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Legislative Assembly for the ACT: 2013 Week 3 Hansard (27 February) . . Page.. 784..


That is an extraordinary way to do business, Madam Speaker. We have seen other examples around Australia. For example, the Gold Coast light rail system is costing the Queensland government about $20 million to $30 million a year to operate. That is on top of about $1 billion that it cost in construction. When we look at examples of where this is being done elsewhere, we can see the price tag going up and up. It gets to a point where it is simply not affordable but what this government is saying is that it will deliver it at any cost. It is not a cost to it. It is a cost to the community and it is a cost to ACT taxpayers.

At the election campaign we saw three Greens lose their seats here, but what we are seeing now is the price of keeping this Green in government is a cost that is going to be borne by ACT taxpayers for years to come.

MS GALLAGHER (Molonglo—Chief Minister, Minister for Regional Development, Minister for Health and Minister for Higher Education) (10.16): The government will oppose this motion. From just a quick glance at the daily program today, all the Liberal motions show a party that still has not come to terms with the fact that they have lost four elections in a row. We are opposing this motion today not because the government shies away from embracing the importance of progressive and environmentally responsible policies and programs—to the contrary. We believe valuing our physical environment does not go hand in hand with ignoring responsible economic and fiscal management.

Good government means leading; it means resisting the easy and the convenient. And the hallmark of good leadership is embracing the difficult, the hard road and mapping out a clear way forward. It means investing in the long term; it means thinking to the future; it means investing in relationships; it means embracing hard truths. This motion is, sadly, a foolish, ill-advised piece of empty posturing from the new Leader of the Opposition, and it should be seen as such this morning.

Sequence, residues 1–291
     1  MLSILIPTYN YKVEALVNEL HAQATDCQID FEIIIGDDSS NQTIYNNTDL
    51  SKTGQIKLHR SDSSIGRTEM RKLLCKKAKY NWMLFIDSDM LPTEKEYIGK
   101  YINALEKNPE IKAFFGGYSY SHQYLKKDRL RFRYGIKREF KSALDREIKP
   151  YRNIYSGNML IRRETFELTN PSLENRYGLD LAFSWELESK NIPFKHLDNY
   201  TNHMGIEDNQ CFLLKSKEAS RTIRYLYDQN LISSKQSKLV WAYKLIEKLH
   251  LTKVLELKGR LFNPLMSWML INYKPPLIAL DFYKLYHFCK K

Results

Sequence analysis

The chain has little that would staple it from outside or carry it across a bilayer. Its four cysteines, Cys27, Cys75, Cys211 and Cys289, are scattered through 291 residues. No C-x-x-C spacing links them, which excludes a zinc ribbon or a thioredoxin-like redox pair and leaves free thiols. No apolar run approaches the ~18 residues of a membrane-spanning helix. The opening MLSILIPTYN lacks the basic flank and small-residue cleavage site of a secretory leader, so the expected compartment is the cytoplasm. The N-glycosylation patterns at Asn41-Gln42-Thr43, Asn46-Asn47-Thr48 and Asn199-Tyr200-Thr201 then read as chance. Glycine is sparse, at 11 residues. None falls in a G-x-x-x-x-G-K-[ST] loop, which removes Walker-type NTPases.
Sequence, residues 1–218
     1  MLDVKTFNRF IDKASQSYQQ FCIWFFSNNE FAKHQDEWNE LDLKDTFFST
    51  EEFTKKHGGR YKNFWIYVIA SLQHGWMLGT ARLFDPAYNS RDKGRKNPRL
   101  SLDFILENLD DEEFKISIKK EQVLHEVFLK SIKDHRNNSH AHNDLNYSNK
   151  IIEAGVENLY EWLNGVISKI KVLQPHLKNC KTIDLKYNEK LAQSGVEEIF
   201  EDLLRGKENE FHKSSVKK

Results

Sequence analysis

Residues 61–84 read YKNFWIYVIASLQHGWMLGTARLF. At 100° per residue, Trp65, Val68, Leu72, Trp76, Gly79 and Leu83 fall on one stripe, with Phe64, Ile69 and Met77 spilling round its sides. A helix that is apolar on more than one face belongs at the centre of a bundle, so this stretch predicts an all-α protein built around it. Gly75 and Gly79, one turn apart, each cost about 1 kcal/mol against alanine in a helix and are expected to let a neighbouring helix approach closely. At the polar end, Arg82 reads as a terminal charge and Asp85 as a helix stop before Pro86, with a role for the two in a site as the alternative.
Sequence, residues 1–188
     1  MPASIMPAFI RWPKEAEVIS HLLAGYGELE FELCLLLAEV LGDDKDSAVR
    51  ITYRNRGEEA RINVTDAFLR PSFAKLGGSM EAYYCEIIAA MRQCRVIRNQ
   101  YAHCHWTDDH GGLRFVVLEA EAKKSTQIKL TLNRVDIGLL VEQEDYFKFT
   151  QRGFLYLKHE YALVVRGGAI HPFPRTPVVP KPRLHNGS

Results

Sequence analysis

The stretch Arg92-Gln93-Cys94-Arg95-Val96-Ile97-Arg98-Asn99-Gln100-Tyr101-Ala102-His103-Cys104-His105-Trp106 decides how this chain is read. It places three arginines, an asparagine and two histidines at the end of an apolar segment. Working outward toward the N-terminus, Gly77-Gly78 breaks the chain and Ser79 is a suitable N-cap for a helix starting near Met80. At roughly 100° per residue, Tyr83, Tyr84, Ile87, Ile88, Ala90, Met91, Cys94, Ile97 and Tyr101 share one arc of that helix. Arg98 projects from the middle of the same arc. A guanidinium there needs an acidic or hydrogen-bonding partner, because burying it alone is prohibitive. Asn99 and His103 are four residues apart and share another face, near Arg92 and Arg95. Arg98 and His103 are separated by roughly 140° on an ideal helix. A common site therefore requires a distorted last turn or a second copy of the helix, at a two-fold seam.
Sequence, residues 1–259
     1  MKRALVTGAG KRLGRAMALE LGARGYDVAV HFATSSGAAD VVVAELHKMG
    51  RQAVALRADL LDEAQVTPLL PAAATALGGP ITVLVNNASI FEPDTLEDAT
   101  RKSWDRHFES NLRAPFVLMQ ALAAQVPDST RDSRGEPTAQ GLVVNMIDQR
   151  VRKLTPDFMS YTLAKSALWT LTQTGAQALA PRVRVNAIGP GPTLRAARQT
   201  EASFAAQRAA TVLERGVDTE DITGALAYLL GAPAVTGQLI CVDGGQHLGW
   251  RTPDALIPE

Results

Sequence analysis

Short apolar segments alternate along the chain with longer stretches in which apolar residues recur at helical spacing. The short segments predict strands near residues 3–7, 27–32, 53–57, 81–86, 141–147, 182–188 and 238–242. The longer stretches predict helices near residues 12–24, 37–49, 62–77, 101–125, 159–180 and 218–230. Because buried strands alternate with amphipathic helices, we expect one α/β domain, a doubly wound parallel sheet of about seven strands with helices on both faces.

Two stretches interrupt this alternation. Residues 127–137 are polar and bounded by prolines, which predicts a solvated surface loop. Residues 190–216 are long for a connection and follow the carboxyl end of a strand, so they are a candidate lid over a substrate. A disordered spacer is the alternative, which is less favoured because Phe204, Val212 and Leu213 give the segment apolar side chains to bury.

The new Leader of the Opposition has the responsibility to hold the government of the day to account. But in exercising his responsibilities he should avoid resorting to glib, half-baked assertions and exaggeration and instead should focus genuinely—

Mr Coe: Glib assertions, like "green"and "progressive"?

MS GALLAGHER: Well, we live in hope. And I acknowledge that Mr Hanson was heard in silence, Madam Speaker. I am one minute into my speech and I am being constantly interjected upon by Mr Coe—again.

Mr Hanson should focus on making a contribution to the quality of debate in the ACT's political discourse. To ACT Labor, "progressive"is something to be proud of, not something to be ashamed of or, indeed, as Mr Hanson is attempting to do, demonised. No doubt it was considered extreme and radical when the notion of abolishing slavery was first raised or when progressive thinkers first advanced the idea of giving women the right to vote, recognising Indigenous Australians, or decriminalising homosexuality. These were progressive, positive moves that secured the freedom of many and helped to put us on a pathway towards a more equal and fair society.


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